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The Right Honourable
 The Viscount Amory 
KG GCMG TD Bt DL PC


In office
6 January 1958 – 27 July 1960
Prime Minister Harold Macmillan
Preceded by Peter Thorneycroft
Succeeded by Selwyn Lloyd

Born 26 December 1899(1899-12-26)
St George's, Hanover Square, London, UK
Died 20 January 1981 (aged 81)
Devon, England, UK
Political party Conservative

Derick Heathcoat-Amory, 1st Viscount Amory (pronounced /ˈeɪmərɪ/ (AY-məree),[1] KG, GCMG, TD, Bt, PC, DL, (26 December 1899 – 20 January 1981) was a British Conservative politician. He served as Chancellor of the Exchequer from 1958 to 1960 and as Chancellor of the University of Exeter from 1972 to 1981.

Heathcoat Amory was the son of Sir Ian Heathcoat-Amory, 2nd Baronet and Alexandra Georgina (d. 1942). He was educated at Eton College and at Christ Church, Oxford. He became a Devon County Councillor in 1932 and worked in textile manufacturing and banking.

After service in the Territorial Army Royal Artillery (including being wounded and captured during Operation Market-Garden), in which he reached the rank of Lieutenant-Colonel, Heathcoat Amory was elected Member of Parliament for Tiverton in 1945. He entered the cabinet under Sir Winston Churchill in July 1954 succeeding Sir Thomas Dugdale as Minister of Agriculture and Fisheries. In October 1954 the Ministry merged with the Ministry of Food still in command of Heathcoat Amory. Gwilym Lloyd George had previously been in charge of Food. He remained in the post until he became Chancellor of the Exchequer in 1958, under Harold Macmillan.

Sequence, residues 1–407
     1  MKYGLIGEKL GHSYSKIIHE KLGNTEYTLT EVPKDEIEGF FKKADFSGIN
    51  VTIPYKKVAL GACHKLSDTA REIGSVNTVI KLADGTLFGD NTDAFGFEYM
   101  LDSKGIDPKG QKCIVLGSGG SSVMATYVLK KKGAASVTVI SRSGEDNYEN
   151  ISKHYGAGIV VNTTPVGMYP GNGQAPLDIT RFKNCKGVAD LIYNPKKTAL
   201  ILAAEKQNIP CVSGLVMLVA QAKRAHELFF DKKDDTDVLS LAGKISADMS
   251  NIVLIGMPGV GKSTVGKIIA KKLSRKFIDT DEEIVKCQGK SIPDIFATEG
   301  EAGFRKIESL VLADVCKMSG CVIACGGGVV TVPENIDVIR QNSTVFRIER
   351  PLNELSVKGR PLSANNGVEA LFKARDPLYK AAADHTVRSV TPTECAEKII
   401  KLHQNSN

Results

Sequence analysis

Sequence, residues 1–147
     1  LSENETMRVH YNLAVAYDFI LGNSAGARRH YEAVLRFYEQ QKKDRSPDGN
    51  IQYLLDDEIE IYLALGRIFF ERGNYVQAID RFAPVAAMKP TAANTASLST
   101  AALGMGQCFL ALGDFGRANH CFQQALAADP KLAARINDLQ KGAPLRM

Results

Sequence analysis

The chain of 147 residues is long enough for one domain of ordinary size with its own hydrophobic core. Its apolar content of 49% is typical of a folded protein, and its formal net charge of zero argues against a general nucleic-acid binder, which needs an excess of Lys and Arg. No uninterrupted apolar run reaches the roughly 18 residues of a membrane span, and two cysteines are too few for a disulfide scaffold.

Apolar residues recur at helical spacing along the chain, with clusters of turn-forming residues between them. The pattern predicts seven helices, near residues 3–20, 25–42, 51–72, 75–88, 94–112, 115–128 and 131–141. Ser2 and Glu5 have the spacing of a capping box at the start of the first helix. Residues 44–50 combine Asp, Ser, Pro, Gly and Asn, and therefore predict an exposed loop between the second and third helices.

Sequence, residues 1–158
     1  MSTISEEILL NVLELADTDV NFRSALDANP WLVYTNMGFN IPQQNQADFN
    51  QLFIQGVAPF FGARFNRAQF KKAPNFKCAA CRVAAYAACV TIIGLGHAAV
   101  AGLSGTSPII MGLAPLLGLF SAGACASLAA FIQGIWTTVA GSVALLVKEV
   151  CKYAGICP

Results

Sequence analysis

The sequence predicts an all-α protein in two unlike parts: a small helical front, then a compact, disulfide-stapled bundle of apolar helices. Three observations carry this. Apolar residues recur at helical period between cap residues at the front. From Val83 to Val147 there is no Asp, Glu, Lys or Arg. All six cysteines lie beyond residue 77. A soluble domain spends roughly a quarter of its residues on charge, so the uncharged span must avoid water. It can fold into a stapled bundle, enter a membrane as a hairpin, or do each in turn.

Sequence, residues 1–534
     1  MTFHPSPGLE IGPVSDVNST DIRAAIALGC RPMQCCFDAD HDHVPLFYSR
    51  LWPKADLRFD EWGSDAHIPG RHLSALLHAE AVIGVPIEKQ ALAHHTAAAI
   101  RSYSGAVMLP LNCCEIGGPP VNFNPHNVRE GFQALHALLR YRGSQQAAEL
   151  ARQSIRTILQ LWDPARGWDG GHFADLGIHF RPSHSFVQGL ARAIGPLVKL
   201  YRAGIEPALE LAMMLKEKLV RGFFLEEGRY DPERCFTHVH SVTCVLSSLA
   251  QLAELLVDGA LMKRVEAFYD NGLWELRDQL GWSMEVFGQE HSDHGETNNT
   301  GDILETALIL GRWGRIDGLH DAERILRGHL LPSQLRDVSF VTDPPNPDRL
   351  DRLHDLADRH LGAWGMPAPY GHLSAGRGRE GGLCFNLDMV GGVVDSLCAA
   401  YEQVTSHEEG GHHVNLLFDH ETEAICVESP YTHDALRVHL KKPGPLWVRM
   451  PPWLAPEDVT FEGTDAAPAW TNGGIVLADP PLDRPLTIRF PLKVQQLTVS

Heathcoat Amory was awarded the honorary degree of Hon. LLD (Exon) from the University of Exeter in 1959. He retired from the House of Commons in 1960, when he was created Viscount Amory, of Tiverton in the County of Devon, on 1 September 1960, one of the last new hereditary peerages created for senior politicians before life peerages became the norm. In his later years, he was Chancellor of the University of Exeter. He succeeded his brother to the Heathcoat-Amory Baronetcy in 1972. On his death, the viscountcy became extinct, and the baronetcy passed to his younger brother.

He was an uncle of David Heathcoat-Amory.

References

  1. ^ G.M. Miller, BBC Pronouncing Dictionary of British Names (Oxford UP, 1971), p. 5.

External links

Parliament of the United Kingdom
Preceded by
Gilbert Acland-Troyte
Member of Parliament for Tiverton
1945–1960
Succeeded by
Robin Maxwell-Hyslop
Political offices
Preceded by
Sir Thomas Dugdale, Bt
Minister of Agriculture and Fisheries
1954
Succeeded by
Himself
as Minister of Agriculture, Fisheries and Food
Preceded by
Himself
as Minister of Agriculture and Fisheries
Minister of Agriculture, Fisheries and Food
1954–1958
Succeeded by
John Hare
Preceded by
Gwilym Lloyd George
as Minister of Food
Preceded by
Peter Thorneycroft
Chancellor of the Exchequer
1958–1960
Succeeded by
Selwyn Lloyd
Academic offices
Preceded by
Duchess of Devonshire
Chancellor of the University of Exeter
1972–1981
Succeeded by
Rex Richards
Peerage of the United Kingdom
New creation Viscount Amory
1960–1981
Extinct
Baronetage of the United Kingdom
Preceded by
John Heathcoat-Amory
Baronet
(of Knightshayes Court) 
1972–1981
Succeeded by
William Heathcoat-Amory
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